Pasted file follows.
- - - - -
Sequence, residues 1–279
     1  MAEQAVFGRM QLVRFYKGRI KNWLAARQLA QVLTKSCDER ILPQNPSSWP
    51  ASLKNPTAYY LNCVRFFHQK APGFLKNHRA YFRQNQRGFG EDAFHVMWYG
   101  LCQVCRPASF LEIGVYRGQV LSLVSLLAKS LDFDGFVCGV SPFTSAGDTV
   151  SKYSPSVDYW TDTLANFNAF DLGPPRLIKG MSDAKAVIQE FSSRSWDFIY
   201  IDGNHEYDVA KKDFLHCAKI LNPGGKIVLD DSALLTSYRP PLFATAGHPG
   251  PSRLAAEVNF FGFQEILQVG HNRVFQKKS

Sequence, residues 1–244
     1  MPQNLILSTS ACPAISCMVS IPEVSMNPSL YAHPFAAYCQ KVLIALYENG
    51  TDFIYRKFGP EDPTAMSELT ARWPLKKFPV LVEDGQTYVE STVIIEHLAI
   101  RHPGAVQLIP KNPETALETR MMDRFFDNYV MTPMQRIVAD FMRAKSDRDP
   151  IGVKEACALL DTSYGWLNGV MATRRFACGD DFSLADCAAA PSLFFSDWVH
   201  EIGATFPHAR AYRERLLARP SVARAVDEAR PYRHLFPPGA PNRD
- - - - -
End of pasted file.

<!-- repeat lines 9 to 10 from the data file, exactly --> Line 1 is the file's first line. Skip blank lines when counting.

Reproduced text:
     1  MPQNLILSTS ACPAISCMVS IPEVSMNPSL YAHPFAAYCQ KVLIALYENG
    51  TDFIYRKFGP EDPTAMSELT ARWPLKKFPV LVEDGQTYVE STVIIEHLAI